Early enrollment numbers from Kansas State University show about 3 to 4 percent decline in head count and student credit hours.
Speaking to the Kansas Board of Regents Thursday, K-State President Richard Myers suggested those numbers will likely improve in the coming months.
“A lot of that are international students who did not come back to campus or didn’t come to campus as freshmen. We are expecting because of work done on the visa front that the number of international students will pick up in the spring semester,” he said.
The Polytechnic campus in Salina saw a 3.3 percent increase in head count while the Global Campus saw about a 12 percent increase. Final numbers will be released later this fall.
Myers also shared details on the number of students attending classes in person versus remotely.
“Roughly 60 percent is either in person or in some sort of hybrid mode and then 34 percent is online. There is a category where 4 percent is special doctorate work that is done a lot online as well,” he said.
In the week ending Sept. 4, according to its online dashboard, K-State had 195 positive COVID-19 tests. There were 659 students in quarantine and 370 students in isolation.
Regents approve drop in out-of-state tuition rate for prospective Missouri students
The Board of Regents Thursday also approved K-State’s request to charge a reduced tuition rate to prospective students coming from Missouri.
Starting in 2021, Missouri residents will be charged the same in-state tuition rate as Kansas residents. Myers says doing so is part of K-State’s strategic enrollment management plan to increase out of state student numbers from 17 to 18 percent, up to 20 percent by 2025.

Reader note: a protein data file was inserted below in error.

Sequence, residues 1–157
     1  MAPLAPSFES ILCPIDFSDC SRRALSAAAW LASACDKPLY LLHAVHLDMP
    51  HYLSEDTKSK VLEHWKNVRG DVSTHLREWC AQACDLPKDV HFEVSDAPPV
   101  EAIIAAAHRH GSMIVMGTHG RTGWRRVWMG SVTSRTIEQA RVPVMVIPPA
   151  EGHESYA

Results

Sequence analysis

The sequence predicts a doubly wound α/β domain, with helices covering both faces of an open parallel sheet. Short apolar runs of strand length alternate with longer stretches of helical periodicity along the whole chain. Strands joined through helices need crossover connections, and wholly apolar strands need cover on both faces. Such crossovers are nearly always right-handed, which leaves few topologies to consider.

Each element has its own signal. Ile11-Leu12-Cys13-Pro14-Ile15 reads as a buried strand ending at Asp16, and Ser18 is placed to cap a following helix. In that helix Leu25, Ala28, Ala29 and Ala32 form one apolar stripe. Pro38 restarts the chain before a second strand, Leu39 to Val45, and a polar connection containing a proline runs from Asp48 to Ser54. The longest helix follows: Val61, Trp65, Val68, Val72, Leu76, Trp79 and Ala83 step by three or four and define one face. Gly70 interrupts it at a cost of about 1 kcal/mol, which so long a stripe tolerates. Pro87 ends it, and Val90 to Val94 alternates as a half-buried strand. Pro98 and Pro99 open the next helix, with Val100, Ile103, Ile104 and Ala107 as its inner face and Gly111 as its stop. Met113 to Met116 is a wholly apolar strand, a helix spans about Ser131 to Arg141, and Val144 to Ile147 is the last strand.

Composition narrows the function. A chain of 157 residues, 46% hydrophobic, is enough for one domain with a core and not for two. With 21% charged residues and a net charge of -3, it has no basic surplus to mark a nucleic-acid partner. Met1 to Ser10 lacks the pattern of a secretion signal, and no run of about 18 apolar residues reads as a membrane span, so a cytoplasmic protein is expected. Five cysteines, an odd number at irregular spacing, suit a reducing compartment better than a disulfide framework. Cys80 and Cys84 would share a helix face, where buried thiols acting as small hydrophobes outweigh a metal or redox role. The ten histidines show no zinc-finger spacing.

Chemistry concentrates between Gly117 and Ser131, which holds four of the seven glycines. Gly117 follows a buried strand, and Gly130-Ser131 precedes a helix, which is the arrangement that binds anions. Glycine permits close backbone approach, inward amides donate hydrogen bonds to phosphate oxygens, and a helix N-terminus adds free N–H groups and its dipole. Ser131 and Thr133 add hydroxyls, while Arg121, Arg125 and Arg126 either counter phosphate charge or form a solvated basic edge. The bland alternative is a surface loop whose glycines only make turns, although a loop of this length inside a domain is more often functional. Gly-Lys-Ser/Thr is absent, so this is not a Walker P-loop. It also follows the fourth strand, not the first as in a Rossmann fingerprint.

“Missouri is a high potential market for us. In terms of alumni in the United States, it’s the second largest number of alumni and friends, following Kansas. Applications have been up from Missouri students but admits are down and it appears from the data is because the tuition differentiates,” he said.
K-State has been increasing efforts to recruit out of state, due to diminishing numbers of Kansas high school students opting for a 4-year degree. Myers says the financial impact to net tuition revenues will be neutral to positive.
“If we get just 24 students we’ll break even. If we get 39 it will be a plus of about $100,000 to $200,000. We think we can afford to take this chance and we think it makes sense with a state next door where we already have a big presence in terms of alumni and friends,” he said.
In state tuition for Kansas residents is about $312 per credit hour ($10,440/year), compared to $829 per credit hour for the out of state rate ($26,316/year).